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A Short Statement on Jordan Howard

| April 9th, 2018

From the desk of:

Jeff Hughes, Editor-in-Chief

DaBearsBlog

Jordan Howard is Good

Honestly, I was just going to write the headline and leave it there. Because the growing number of Bears fans across social media who, due to trade “rumors”, suddenly believe Howard is not a great running back…is starting to sicken me.

Is Howard great in the passing game? No. Point conceded.

But in two seasons Howard has amassed more than 2400 yards on the ground and 15 touchdowns, averaging 4.6 yards a clip. For the “anyone can do that” crowd, show me another back who HAS while:

  • Running by second and third-string offensive linemen.
  • Running without the luxury of a passing attack.
  • Running hurt for nearly HALF those games.

Just show me another back with similar achievement. I will actually spare the effort of looking. There isn’t anyone close.

(He also has 52 catches in that time. Ezekiel Elliot has 58. )

I like Ryan Pace and am supremely optimistic about Matt Nagy. But if they looked at Howard’s body of work with the Bears and thought, “Yea, we don’t need this guy” then I seriously question both men’s ability to evaluate personnel. Howard may not be a prototypical modern running back but he reminds one of what a Bears tailback used to look like. Back when they were a winning organization.

If I was starting a team tomorrow, I wouldn’t want Jordan Howard. I’d want 53 Jordan Howards. And I’d like my odds in the Sunday street fight.

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Data Entry: Random Roster Thoughts

| April 6th, 2018

Note: thanks to Butch for the cool new header picture

Free agency is settling down, so now is a good time to take a look at where the Bears’ roster currently stands. This will give us a better idea of what minor free agency moves should still be made and where the draft attention should focus for the first few rounds.

Let’s start with a rough depth chart, followed by a few quick thoughts. This is just my estimate of what a depth chart could look like, don’t read too much into details like Roy Robertson-Harris being above Jonathan Bullard, or anything like that.

Reflections, in no particular order:

  • The Bears currently have 65 players under contract. They’re scheduled for 7 draft picks, and will likely sign a few more cheap veterans, but there’s going to be plenty of room to fill out the roster with undrafted free agents after the draft. Expect them to bring in at least 15 of them, and thus it’s no surprise that they’ve been meeting with several players projected as possible UDFA targets, including Jonah Trinnaman and Jarvion Franklin.

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How The Masters is Like the NFL (And a Few Other Thoughts)

| April 5th, 2018

Here are a bunch of Around the League thoughts for this random April Thursday.

  • I love the Masters. But I don’t care for the people who run the tournament, Augusta National Golf Club. I love professional football. I can’t stand the people who operate the league, it’s thirty-two owners and league office. These are by-and-large shitty, old, racist white guys shepherding a great product.
  • This “lowering the head” penalty has been universally panned by players and the NFL’s attempt to rule change brain injuries out of the game (see: kickoff removal) reminds me of golf’s debate over the ball going too far. You can’t legislate strength and speed out of sports. There are more head injuries in the league now, and the ball goes further off the driver face, because the players are bigger, stronger and faster than ever before in human history. In the NFL they are hitting each other at 25 MPH.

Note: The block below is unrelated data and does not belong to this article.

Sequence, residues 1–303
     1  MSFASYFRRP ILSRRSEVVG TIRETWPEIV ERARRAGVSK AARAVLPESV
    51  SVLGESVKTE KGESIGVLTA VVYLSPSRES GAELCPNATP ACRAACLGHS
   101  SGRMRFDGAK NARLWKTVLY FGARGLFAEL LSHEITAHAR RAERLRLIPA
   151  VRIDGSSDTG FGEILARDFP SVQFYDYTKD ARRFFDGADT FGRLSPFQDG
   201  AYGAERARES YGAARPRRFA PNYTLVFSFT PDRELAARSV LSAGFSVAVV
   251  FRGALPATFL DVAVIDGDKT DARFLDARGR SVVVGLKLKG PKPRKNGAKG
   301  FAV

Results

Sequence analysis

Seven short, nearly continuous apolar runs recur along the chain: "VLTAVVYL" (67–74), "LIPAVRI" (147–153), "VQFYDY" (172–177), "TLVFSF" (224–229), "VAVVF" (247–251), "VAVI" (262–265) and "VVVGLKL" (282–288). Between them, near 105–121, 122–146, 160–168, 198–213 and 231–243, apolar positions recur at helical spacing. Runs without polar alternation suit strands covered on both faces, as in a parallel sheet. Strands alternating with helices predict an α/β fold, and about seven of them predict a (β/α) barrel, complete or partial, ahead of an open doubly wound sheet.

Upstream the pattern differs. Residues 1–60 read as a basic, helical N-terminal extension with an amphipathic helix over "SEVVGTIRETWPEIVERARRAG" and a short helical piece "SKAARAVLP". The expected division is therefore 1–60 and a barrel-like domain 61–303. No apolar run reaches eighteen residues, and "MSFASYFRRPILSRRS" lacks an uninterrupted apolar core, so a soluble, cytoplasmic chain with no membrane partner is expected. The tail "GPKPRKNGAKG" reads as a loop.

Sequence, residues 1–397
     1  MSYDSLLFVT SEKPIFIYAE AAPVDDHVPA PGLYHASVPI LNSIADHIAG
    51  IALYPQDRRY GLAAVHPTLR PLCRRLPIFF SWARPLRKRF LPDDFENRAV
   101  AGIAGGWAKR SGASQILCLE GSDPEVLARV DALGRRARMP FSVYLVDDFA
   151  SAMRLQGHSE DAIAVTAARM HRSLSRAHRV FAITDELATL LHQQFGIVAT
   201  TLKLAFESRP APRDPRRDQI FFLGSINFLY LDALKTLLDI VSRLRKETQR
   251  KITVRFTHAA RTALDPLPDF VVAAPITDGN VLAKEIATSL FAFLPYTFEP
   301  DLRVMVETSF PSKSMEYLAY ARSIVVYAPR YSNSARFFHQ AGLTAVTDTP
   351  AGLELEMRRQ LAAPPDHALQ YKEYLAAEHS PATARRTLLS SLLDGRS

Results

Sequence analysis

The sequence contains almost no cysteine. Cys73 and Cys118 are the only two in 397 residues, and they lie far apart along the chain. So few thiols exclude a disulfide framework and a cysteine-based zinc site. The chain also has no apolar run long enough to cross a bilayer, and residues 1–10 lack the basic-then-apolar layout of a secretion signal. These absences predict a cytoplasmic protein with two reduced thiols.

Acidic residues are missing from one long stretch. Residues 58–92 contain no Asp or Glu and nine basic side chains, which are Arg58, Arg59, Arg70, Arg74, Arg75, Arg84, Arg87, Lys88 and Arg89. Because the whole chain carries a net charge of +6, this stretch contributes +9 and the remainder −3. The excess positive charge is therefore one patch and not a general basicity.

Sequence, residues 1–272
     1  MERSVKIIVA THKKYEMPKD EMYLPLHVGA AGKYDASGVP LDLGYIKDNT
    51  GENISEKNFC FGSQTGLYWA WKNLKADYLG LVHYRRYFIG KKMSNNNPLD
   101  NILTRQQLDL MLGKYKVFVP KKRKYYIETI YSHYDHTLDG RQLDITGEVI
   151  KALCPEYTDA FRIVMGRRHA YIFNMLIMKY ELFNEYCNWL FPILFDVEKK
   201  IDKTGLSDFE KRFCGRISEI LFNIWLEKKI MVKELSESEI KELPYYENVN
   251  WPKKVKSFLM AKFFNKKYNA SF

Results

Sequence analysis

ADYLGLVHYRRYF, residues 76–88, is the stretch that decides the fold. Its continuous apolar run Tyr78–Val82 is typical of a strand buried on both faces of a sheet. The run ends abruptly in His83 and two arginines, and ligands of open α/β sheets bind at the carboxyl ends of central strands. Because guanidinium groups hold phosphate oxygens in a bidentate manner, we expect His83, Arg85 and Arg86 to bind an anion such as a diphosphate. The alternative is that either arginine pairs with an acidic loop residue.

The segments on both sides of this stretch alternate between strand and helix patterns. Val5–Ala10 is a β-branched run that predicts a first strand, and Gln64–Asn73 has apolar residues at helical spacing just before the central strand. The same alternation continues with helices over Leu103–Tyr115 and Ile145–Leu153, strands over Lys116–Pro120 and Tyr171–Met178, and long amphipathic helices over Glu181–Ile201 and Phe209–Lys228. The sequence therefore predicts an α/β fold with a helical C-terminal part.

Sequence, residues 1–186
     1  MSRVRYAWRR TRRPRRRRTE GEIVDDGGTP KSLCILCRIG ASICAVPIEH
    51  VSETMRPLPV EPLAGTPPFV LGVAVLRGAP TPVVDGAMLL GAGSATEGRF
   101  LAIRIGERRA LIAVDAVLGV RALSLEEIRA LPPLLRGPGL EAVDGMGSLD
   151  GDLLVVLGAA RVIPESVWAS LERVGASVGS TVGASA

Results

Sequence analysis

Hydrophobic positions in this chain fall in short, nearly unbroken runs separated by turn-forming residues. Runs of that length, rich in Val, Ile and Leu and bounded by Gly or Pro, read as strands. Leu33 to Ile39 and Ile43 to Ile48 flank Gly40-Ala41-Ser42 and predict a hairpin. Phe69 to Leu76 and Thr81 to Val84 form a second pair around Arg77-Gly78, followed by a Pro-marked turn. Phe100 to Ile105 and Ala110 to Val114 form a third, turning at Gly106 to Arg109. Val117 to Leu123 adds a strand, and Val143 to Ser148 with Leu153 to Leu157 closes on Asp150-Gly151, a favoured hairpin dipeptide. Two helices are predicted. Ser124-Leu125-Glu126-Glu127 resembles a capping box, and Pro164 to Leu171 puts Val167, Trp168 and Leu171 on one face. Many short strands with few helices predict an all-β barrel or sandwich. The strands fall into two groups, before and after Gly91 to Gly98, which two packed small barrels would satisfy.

• Don’t look now but the Panthers are going to sell for north of $2.5 billion. The Bears, should the McCaskey family ever show interest in selling, would fetch $4 billion, even without owning a lucrative piece of real estate.
  • Has there ever been a team attack the NFL off-season like this Rams club? And does anybody really think it’s going to work? One lesson the NFL should learn from this approach: the key to modern success is winning on a good QB’s rookie deal. Once that QB gets his $100 million, the chances of winning consistently drop precipitously.
  • What’s been almost as amazing is the Seahawks embracing a down year, referring to 2018 as a “reset”. With Jimmy G. exciting the Bay Area, not hard to imagine Seattle trafficking down the bottom of the NFC West this year.
  • Derwin James is a special player and he was profiled here on DBB during this college football season.
  • An NFL GM texted me this week: “Everything coming out of the Giants right now is bullshit. Don’t believe any of it.” He’s right.
  • When asked if the Redskins were better with Alex Smith than Kirk Cousins, Jay Gruden responded, “Without a doubt.” One day there will be a 30-for-30 on Cousins’ time with Washington. And I will watch the hell out of it because I simply don’t understand his tenure with that team.
  • Saw an ESPN segment debating whether Mitch Trubisky will throw 20 TDs this season. He’s going to fly by that number is he stays healthy.

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Across The Middle: Does Vic Want To Play Chess?

| April 4th, 2018

Bears defensive coordinator Vic Fangio hasn’t shown a lot of creativity when it comes to how he uses his players, but that just might change if the draft breaks the way many expect. Because if three quarterbacks are taken ahead of the Bears – with Bradley Chubb, Quenton Nelson and Saquon Barkley also going – the best players Ryan Pace might be looking at are versatile defensive backs Derwin James and Minkah Fitzpatrick.

It isn’t really fair or accurate to pigeon hole James or Fitzpatrick as safeties. They both played in the box, as slot corners or nickel linebackers, a significant amount. (An argument can be made that’s where they were at their best.) The Bears would be able to start either player at safety and move them down in sub-packages.